I’ve started putting food diary stuff over here:
It’s a bit of a mess.
Two new posts.
On the train I hold the pink, metal pole, it feels hard, solid, in my hand. But it is not. It is a vast maelstrom of unknown particles, repulsing, spinning, attracting and held together by the force of unfathomable, ancient and arcane truths.
|—||Another one from Mornings in Mexico|
|—||David Herbert Lawrence, Mornings in Mexico|
tumblrbot asked: ROBOTS OR DINOSAURS?
Earlier today we watched a repeat of an episode of Antiques Roadshow, broadcast from Belfast.
It was fascinating.
The daughter and granddaughter of Elsie Wright, one of the two ladies who, as little girls, faked the cottingley faeie photos, brought in some memorabilia.
They brought out a few new faeie photos that they had found, and one of original cameras that the little girls used. The grand daughter had found them a few days earlier, when she was cleaning out the family safe.
They told the famous old story (http://en.wikipedia.org/wiki/Cottingley_Fairies) and then the host asked them if all the photos were fake. The daughter of Elsie, who is now an old lady, said yes, they’re fake. Except this one.
She defended the reality of the faeies in the image with an impassioned (and a little bit mad) tirade. The presenter then asked both of them if they believed that the photo was genuine, and the old lady affirmed her belief, with a strong nod and a “Yes”. Her belief could easily be assumed to be the delusions of an old lady.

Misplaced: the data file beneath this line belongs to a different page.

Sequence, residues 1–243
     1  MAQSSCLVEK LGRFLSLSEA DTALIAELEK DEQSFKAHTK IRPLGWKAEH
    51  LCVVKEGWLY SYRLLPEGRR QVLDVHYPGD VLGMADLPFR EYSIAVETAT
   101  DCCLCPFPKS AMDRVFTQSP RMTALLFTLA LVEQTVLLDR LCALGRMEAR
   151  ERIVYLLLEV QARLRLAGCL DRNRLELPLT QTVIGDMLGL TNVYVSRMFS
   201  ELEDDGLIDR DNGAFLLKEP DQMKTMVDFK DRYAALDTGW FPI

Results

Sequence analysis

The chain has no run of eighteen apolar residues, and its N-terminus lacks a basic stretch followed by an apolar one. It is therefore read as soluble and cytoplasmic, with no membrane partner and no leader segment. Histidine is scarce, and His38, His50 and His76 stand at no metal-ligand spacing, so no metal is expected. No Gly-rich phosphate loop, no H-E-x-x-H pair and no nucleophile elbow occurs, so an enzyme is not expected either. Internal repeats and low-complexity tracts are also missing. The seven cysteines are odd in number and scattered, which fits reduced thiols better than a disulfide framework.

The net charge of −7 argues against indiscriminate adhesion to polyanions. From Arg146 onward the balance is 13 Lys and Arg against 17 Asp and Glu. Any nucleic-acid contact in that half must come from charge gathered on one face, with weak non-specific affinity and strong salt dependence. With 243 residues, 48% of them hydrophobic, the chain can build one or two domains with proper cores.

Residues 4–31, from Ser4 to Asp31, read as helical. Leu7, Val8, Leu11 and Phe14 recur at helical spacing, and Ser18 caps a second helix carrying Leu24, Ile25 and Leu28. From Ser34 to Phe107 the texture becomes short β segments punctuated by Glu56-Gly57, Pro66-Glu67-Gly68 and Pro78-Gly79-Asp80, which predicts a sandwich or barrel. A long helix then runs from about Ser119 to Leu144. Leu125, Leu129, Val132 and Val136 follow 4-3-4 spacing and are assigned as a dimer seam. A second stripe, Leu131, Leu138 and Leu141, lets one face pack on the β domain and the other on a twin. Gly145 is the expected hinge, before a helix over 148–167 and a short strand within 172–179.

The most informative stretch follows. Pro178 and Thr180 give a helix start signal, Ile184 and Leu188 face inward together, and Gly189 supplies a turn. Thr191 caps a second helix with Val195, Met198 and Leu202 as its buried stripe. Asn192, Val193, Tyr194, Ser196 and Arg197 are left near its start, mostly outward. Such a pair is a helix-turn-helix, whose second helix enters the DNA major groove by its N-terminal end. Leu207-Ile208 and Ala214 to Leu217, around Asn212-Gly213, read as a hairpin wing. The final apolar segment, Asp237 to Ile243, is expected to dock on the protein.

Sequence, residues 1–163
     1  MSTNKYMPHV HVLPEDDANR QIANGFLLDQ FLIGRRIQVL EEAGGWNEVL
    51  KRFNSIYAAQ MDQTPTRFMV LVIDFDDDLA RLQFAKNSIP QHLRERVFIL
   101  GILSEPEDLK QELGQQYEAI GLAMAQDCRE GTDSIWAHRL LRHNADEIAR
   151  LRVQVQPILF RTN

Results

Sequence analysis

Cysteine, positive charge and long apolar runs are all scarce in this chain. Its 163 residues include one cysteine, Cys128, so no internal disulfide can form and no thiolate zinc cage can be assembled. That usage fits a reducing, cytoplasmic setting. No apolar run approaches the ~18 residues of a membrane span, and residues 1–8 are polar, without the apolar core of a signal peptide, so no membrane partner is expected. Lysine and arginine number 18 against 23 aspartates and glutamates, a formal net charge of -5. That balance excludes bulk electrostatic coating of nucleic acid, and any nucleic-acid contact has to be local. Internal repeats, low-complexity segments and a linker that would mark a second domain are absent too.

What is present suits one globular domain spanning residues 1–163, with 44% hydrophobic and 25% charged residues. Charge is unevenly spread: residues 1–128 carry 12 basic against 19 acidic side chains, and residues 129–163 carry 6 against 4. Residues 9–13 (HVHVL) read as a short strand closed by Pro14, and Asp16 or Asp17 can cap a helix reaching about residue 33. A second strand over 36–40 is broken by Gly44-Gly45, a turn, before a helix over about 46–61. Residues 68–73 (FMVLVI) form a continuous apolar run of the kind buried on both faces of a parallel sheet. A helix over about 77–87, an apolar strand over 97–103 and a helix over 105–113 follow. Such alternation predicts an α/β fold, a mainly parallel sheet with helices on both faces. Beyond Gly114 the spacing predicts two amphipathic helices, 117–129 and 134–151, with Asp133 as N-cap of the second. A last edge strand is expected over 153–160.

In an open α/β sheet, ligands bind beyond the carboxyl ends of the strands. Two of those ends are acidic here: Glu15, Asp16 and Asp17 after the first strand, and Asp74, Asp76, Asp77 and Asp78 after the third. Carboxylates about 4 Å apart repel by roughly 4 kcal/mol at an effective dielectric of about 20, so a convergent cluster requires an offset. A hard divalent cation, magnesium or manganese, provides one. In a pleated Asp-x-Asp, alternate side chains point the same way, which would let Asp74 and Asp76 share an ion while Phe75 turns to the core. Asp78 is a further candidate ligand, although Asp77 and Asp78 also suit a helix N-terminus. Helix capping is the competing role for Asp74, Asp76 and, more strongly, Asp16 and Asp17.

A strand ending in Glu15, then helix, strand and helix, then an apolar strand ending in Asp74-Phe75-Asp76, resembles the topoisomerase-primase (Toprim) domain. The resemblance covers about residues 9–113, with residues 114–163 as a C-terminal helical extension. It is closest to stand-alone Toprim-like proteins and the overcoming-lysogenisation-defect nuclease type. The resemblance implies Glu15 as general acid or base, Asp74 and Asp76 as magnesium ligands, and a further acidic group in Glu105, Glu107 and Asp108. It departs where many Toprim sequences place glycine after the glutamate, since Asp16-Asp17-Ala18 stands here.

But the granddaughter, who seemed like a normal, slightly posh, thirty something woman, nodded shyly.
So could these people genuinely believe that faeies exist? A close family who have lived their whole lives with this story whirling around them, could they absorb it, justify it and start to believe it?
There could be a more cynical explanation. The family sold a number of prints and other bits for £21000 ish a few years ago, and glass photo plates for £6000. The whole thing could be just the family having a go at raising the value of their next sale.
Or the faeies could be real.
(I’m not self conscious of using the word faeie instead of fairy. At all.)
A dark grey slab, strait and clean, the roof of the platform opposite me stretched away towards the sky. Above the platform the early evening sky blazed from bright smokey violet to violent peach. It was shot through with black lines that carried electric power like an unstoppable weight of crackling water. And behind all this shattering potential a full arch of rainbow glowed out, strong and clear. Every visable colour spraying from a million raindrops as the last tiny droplets sparked on my skin.